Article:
Linear Immunoglobulin A (IgA) Bullous Dermatosis Mimicking Stevens-Johnson Syndrome
Permanent link to this recordhttp://hdl.handle.net/20.500.12613/8238
MetadataShow full item record
AbstractLinear IgA bullous dermatosis (LABD) is a rare autoimmune blistering disease characterized by linear IgA deposition along the dermo-epidermal junction on direct immunofluorescence (DIF). LABD appears clinically as erythematous polycyclic lesions in younger patients but can show considerable phenotypic heterogeneity in older patients, often leading to misdiagnoses such as bullous pemphigoid, pemphigus vulgaris, Stevens-Johnson syndrome/toxic epidermal necrolysis (SJS/TEN), or other bullous conditions. Cases of LABD mimicking SJS/TEN require prompt skin biopsies for histopathology and DIF for disease differentiation and medical decision-making. In cases of suspected drug-induced LABD or SJS/TEN, identification and removal of the offending agent are paramount. The preferred treatment for LABD is oral dapsone, while SJS/TEN may respond better to cyclosporine or a combination of intravenous immunoglobulin and systemic corticosteroids. This case highlights the rare occurrence of LABD mimicking SJS/TEN and emphasizes the details that clinicians must know to guide patient management.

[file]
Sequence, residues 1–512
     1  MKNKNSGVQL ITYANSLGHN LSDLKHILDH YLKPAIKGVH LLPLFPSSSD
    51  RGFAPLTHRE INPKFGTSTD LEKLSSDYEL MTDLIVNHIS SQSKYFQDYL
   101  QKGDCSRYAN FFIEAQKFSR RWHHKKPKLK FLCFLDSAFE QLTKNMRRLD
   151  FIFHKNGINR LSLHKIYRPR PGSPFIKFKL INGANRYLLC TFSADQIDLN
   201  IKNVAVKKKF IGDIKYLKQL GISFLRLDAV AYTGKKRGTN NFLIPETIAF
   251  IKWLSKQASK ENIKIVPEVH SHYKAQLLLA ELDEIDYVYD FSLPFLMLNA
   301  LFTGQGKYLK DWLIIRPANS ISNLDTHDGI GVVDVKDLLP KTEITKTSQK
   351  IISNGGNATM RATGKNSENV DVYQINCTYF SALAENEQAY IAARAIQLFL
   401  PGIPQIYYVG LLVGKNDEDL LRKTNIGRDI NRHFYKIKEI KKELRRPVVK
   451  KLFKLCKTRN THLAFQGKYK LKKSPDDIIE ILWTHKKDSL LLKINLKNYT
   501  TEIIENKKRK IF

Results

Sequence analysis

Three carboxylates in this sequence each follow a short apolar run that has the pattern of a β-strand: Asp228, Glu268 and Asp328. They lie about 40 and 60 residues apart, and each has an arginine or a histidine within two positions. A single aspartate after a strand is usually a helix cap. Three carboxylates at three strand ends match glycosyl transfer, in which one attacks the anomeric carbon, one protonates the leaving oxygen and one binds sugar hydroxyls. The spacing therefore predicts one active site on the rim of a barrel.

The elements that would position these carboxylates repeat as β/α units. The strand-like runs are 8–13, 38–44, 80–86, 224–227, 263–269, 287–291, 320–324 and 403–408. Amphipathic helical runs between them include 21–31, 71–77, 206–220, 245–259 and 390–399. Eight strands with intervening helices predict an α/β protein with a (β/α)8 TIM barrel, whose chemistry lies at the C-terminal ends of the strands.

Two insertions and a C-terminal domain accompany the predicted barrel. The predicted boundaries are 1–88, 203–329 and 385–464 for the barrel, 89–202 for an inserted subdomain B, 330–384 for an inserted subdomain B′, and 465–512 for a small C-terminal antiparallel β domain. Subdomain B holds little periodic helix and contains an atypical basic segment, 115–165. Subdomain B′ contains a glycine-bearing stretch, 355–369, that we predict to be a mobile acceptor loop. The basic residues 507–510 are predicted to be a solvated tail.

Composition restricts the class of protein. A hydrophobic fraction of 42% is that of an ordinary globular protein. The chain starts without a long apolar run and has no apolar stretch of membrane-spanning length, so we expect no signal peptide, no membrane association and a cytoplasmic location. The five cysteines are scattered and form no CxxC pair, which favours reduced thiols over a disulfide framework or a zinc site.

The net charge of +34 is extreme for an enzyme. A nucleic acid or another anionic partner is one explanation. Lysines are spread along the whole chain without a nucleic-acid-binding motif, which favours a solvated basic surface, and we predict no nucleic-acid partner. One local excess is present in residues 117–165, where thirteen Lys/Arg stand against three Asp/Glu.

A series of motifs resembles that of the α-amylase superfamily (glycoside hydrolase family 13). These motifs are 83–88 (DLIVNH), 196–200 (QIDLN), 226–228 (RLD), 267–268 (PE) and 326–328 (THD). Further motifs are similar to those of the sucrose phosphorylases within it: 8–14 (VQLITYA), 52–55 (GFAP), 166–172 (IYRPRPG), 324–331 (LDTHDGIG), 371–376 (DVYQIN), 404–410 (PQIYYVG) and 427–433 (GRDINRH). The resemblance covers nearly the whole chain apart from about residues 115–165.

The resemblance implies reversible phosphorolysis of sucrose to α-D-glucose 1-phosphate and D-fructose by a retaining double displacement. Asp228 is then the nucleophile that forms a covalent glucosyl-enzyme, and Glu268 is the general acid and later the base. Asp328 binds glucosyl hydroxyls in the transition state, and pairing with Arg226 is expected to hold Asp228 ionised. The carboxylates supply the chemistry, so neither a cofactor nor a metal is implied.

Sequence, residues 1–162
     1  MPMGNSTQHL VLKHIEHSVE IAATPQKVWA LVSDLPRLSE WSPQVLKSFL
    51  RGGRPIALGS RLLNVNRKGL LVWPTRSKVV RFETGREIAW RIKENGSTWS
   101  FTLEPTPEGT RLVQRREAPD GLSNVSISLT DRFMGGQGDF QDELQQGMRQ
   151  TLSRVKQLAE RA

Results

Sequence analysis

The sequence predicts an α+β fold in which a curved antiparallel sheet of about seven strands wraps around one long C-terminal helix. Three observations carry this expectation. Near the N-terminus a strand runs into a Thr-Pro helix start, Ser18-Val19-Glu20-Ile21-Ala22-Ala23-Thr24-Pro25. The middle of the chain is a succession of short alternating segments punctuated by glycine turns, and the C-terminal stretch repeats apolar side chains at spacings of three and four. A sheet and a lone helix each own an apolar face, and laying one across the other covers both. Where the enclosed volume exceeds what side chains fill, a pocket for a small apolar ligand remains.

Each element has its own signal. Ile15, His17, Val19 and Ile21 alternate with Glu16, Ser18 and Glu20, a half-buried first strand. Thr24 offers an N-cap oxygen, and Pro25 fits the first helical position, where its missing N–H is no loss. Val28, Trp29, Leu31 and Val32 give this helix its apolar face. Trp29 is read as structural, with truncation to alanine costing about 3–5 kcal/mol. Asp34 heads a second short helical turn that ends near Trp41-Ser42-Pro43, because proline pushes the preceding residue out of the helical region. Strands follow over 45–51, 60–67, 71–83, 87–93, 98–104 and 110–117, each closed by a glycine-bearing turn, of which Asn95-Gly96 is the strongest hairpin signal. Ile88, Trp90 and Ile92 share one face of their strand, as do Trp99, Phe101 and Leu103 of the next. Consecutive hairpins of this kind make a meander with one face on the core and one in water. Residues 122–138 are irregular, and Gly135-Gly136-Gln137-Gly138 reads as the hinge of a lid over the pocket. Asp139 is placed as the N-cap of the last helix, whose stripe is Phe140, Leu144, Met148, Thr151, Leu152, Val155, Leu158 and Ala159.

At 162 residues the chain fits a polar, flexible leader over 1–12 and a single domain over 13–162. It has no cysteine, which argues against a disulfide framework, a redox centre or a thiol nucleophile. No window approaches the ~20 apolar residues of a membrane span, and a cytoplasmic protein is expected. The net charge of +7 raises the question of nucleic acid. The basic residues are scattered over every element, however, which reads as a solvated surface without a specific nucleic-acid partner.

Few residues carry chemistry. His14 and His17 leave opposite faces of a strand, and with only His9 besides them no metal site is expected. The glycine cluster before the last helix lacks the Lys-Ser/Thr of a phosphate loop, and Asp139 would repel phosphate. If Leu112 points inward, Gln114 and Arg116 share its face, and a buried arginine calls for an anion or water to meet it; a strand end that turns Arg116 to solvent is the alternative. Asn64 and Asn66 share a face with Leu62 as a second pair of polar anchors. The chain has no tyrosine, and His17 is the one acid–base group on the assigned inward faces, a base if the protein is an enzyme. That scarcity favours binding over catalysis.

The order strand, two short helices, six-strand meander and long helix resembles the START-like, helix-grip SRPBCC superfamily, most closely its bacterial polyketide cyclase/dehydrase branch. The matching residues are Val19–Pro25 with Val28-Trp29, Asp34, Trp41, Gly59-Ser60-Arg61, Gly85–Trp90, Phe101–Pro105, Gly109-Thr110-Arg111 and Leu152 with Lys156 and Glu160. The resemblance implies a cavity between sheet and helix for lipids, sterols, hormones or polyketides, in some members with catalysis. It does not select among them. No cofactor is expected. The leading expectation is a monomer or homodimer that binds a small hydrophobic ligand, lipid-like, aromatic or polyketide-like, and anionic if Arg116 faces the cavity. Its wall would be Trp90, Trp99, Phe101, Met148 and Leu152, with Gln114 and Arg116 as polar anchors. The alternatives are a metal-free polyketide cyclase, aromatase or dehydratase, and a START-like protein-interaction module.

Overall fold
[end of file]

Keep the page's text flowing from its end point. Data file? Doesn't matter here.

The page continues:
CitationPark J S, Hamilton C D, Patel S, et al. (October 14, 2022) Linear Immunoglobulin A (IgA) Bullous Dermatosis Mimicking Stevens-Johnson Syndrome. Cureus 14(10): e30309. doi:10.7759/cureus.30309
Citation to related workSpringer Nature
Has partCureus, Vol. 14, No. 10
ADA complianceFor Americans with Disabilities Act (ADA) accommodation, including help with reading this content, please contact firstname.lastname@example.org